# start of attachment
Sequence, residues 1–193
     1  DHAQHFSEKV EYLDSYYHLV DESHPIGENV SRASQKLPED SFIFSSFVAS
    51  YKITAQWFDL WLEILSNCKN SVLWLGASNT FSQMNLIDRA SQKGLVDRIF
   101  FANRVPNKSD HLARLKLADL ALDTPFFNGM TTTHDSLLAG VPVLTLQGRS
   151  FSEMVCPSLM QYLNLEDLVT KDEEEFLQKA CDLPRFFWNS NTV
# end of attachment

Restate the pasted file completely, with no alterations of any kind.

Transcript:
Sequence, residues 1–193
     1  DHAQHFSEKV EYLDSYYHLV DESHPIGENV SRASQKLPED SFIFSSFVAS
    51  YKITAQWFDL WLEILSNCKN SVLWLGASNT FSQMNLIDRA SQKGLVDRIF
   101  FANRVPNKSD HLARLKLADL ALDTPFFNGM TTTHDSLLAG VPVLTLQGRS
   151  FSEMVCPSLM QYLNLEDLVT KDEEEFLQKA CDLPRFFWNS NTV